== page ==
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14+ Ridiculous Stereotypes About Women In Movies That Need To Stop Happening

Movies and TV shows love to paint women as boy-crazed, irrational, emotional, shopaholics, or workaholics, that could use a life-changing makeover, or a solo trip to another country to discover who they really are and get over their ex-boyfriend, once and for all!

But really, women are a lot more complex than that. So complex, that the male movie creators of the world may never truly understand.

That breakups turn our lives upside down and cause us to make rash, life altering decisions.

Elle Woods decides to go to Harvard in hopes of impressing her ex boyfriend, and proving to him that she's smarter than she looks so that he proposes to her.

Although we love the message the movie ultimately sends, this seems like a stretch.

Elizabeth in "Eat, Pray, Love" takes a solo trip around the world to find herself following her recent divorce.

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You know, it is possible that a woman can break up with someone, be broken up with, or get divorced, and not impulsively go on a trip.

There are other ways we deal with these types of things, such as eating chocolate, drinking wine, and watching movies just like this one.

In "The Holiday" Iris deals with her 'breakup' by swapping out her cottage for a mansion in Los Angeles.

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It doesn't seem like this would be someone's first choice after being broken up with.

It's certainly one way to deal with it, but there are probably easier, more likely ways.

That women throw drinks in people's faces, and slap people across the face a lot.

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It's a movie and TV show cliché that when a guy walks up to a girl at a bar and tries to hit on her inappropriately, she either slaps him or throws a drink in his face, like in How I Met Your Mother, or American Pie.

It's also very common in movies for women to slap each other across the face, to instigate a "cat fight", like in Monster In Law.

That women do crazy things to get back at their exes.

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The movie John Tucker Must Die is about a group of girls who all got played by the same guy, so they team up, and go to extreme lengths to get revenge.

Something that would never happen in real life and if it did, I'd be concerned.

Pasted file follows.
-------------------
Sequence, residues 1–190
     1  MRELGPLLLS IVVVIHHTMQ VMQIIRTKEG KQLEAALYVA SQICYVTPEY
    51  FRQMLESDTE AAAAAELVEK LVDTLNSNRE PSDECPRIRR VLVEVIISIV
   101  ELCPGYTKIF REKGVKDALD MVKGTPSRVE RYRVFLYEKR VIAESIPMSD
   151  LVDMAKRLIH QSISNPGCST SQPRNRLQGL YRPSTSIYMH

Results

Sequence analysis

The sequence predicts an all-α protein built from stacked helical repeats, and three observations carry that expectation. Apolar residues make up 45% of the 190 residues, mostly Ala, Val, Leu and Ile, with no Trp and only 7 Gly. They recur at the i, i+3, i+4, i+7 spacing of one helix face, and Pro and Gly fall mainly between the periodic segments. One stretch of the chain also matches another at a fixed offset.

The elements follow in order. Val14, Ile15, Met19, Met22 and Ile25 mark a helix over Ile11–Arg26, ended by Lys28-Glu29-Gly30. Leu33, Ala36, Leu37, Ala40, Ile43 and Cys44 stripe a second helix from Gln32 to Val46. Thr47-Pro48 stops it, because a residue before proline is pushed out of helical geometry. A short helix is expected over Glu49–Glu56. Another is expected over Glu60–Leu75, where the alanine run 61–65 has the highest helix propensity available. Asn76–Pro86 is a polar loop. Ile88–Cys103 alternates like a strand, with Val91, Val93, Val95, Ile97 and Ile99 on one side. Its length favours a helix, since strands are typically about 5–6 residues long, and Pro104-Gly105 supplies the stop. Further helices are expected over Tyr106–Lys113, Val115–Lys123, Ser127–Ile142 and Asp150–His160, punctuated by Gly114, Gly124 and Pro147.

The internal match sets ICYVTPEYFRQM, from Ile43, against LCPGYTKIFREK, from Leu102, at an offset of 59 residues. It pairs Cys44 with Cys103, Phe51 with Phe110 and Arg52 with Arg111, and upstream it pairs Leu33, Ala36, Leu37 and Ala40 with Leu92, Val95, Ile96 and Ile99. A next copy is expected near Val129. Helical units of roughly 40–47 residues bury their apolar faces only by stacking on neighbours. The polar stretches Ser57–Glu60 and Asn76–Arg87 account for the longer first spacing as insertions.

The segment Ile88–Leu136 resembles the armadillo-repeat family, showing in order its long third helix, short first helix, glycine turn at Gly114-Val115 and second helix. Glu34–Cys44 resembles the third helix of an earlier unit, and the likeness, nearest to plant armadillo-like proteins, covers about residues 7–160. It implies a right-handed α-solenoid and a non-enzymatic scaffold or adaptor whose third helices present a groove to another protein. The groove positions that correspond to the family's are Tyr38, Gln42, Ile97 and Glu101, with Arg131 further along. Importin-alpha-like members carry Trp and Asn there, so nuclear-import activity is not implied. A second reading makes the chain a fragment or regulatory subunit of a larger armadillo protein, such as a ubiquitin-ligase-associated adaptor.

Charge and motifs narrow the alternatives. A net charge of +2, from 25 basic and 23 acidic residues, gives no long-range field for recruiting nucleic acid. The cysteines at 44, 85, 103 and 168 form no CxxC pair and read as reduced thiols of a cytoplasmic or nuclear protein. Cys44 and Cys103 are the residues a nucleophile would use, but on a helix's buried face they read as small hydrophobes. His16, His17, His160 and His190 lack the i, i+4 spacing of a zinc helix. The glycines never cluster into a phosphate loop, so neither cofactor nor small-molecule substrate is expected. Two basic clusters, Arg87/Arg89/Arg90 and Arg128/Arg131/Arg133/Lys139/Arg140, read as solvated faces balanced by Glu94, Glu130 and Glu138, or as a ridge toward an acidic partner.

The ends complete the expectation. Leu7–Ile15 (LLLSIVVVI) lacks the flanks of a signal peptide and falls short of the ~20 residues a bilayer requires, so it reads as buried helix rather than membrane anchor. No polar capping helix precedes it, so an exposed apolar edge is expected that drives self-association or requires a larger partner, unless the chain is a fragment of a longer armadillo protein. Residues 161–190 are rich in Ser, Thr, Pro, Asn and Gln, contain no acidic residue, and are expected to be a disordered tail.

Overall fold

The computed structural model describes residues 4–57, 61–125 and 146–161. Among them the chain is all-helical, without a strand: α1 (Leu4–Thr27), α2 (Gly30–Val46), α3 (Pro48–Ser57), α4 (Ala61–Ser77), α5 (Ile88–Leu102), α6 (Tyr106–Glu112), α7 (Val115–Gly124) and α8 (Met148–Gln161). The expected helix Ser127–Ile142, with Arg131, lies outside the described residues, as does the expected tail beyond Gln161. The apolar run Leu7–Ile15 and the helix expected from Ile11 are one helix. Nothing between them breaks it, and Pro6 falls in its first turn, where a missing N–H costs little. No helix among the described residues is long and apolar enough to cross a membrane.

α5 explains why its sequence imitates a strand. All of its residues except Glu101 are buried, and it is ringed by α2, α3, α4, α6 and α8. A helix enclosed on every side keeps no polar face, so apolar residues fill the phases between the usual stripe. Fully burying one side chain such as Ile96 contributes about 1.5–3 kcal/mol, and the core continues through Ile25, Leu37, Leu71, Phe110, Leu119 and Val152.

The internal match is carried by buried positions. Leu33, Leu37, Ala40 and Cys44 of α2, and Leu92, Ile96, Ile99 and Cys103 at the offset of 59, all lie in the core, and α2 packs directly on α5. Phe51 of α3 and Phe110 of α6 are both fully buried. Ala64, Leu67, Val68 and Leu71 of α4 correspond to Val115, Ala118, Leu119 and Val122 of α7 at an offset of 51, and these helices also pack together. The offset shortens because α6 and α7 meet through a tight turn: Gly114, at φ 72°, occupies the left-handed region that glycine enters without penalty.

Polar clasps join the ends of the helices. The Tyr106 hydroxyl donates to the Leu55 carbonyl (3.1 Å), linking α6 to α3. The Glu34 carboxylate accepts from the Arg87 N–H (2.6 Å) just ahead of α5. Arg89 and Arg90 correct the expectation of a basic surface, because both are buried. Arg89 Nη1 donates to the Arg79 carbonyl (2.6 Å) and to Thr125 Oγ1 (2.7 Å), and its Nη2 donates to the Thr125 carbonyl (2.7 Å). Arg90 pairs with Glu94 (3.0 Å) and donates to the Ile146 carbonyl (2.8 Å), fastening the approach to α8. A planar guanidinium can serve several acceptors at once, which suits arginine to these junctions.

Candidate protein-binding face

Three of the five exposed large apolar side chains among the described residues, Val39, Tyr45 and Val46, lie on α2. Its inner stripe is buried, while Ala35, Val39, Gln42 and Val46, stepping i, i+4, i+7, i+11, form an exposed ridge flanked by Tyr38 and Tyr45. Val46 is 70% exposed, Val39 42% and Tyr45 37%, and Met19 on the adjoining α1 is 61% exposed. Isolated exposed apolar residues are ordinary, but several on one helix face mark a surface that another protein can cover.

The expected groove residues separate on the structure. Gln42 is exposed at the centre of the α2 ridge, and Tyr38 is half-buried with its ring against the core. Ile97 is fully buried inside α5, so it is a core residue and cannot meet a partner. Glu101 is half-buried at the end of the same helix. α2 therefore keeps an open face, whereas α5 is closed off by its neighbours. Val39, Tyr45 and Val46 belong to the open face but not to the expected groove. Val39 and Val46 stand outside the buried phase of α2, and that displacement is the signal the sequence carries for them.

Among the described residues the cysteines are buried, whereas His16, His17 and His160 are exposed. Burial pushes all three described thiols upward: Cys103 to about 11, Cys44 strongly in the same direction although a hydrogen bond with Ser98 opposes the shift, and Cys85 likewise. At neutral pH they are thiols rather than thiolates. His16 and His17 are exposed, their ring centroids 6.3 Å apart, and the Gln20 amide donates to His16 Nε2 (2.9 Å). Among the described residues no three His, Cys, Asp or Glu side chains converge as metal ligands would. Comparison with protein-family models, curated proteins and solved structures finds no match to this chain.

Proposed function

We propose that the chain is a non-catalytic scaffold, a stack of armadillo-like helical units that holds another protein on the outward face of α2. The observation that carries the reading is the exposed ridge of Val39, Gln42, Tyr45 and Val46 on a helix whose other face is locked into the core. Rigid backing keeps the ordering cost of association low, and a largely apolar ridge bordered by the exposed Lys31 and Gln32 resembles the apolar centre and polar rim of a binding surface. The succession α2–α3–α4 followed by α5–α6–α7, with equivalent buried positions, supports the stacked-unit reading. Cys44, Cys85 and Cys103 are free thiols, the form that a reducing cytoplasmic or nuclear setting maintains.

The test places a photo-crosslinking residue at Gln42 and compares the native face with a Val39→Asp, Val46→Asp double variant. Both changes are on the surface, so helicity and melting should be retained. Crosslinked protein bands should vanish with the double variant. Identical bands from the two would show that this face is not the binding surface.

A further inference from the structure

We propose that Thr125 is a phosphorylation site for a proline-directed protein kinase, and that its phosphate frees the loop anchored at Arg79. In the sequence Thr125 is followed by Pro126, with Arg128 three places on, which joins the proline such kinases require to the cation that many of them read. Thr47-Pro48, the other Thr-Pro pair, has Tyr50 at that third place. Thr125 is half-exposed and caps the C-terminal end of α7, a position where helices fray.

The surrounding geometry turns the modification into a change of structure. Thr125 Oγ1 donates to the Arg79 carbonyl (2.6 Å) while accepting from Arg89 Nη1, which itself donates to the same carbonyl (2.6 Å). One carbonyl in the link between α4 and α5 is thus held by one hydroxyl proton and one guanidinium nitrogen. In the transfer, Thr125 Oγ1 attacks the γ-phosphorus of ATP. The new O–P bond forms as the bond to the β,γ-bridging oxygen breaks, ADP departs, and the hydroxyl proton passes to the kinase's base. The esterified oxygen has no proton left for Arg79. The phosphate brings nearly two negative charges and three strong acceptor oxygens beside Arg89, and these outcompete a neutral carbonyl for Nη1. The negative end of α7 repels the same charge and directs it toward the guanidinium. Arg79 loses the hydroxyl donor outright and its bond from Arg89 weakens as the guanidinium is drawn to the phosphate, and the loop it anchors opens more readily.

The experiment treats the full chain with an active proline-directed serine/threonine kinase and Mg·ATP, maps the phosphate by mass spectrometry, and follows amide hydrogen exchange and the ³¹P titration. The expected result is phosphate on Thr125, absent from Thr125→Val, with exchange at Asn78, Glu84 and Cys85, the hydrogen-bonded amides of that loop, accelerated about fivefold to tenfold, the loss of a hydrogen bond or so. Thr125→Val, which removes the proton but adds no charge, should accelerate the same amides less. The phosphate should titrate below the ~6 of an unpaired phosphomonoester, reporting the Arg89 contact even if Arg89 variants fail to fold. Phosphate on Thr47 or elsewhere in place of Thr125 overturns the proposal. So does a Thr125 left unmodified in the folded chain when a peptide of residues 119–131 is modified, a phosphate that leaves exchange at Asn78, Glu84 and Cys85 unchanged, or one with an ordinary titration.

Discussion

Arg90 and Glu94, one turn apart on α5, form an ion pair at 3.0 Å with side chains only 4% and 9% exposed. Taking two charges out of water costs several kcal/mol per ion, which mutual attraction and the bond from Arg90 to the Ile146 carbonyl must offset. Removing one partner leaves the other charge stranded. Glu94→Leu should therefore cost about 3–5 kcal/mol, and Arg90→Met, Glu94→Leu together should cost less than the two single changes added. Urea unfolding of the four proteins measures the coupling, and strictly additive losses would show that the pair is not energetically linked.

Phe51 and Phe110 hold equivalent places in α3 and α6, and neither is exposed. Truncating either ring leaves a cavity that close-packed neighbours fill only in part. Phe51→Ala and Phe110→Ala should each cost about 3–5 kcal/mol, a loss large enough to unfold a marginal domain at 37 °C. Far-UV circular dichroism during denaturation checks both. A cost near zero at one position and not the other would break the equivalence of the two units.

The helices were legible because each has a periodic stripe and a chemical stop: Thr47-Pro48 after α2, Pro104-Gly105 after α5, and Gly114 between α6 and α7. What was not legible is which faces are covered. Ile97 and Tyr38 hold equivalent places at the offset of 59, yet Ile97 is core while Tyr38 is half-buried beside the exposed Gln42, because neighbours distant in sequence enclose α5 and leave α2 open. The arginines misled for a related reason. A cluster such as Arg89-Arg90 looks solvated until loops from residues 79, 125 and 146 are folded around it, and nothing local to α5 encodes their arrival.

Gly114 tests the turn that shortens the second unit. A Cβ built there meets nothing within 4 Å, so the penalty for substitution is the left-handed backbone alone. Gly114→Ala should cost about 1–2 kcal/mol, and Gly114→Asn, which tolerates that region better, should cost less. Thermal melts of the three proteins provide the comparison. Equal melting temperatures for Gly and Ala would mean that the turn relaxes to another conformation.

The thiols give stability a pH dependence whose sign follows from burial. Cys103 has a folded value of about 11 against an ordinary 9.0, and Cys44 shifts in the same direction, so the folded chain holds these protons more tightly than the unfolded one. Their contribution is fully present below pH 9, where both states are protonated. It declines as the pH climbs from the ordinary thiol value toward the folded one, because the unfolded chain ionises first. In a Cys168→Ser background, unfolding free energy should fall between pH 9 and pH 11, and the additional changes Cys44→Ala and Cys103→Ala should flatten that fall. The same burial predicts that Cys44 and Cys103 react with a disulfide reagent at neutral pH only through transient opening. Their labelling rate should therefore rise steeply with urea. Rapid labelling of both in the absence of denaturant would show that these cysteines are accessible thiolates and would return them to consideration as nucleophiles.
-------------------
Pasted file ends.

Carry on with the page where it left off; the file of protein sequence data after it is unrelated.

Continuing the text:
That single women are dying to meet "the one".

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Gigi from He's Just Not That Into You is a really solid example of this. In the movie, it seems like her entire life's purpose is to meet a guy that likes her back. Not only is that sad AF, but it doesn't really seem like something that actually happens.

Just because a girl is single, doesn't mean she's on a mission to find Mr. Right. She's probably just living her best life, and if prince charming comes along, then so be it.

That a woman's only hobby is shopping.

It hasn't yet occurred to movie creators that women have other, more substantial interests besides shopping.

Men like shopping just as much as women, but for some reason, we get the third degree in movies for enjoying shopping every now and then. Confessions Of A Shopaholic was an extreme example of this.

That women are obsessed with getting married.

When we were kids, the happy ending in every Disney princess movie was that she got to marry the prince, and this has been cemented in a lot of women's minds.

But it's 2019 now, and most women have bigger dreams than just getting married.

Unlike how we're misrepresented in movies like 27 Dresses and Bride Wars.

That Latina women are combative, and generally spicier than all other women.

It is definitely possible for Latin women to be gentle, and quiet. There's a lot more to Spanish women than being loud and having a thick accent.

Gloria from Modern Family is a great example of this overdone stereotype or Anita from West Side Story.

That all superhero women need to be sexy.

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This is Hollywood's way of telling us that powerful women need to be incredibly good-looking too, and that can be discouraging to the rest of us average-Joes.

Obviously, superheroes don't actually exist. But the stereotype that all female superheroes need to come with an insane amount of sex appeal is ridiculous.

I would love to see a female superhero with a realistic body type for once.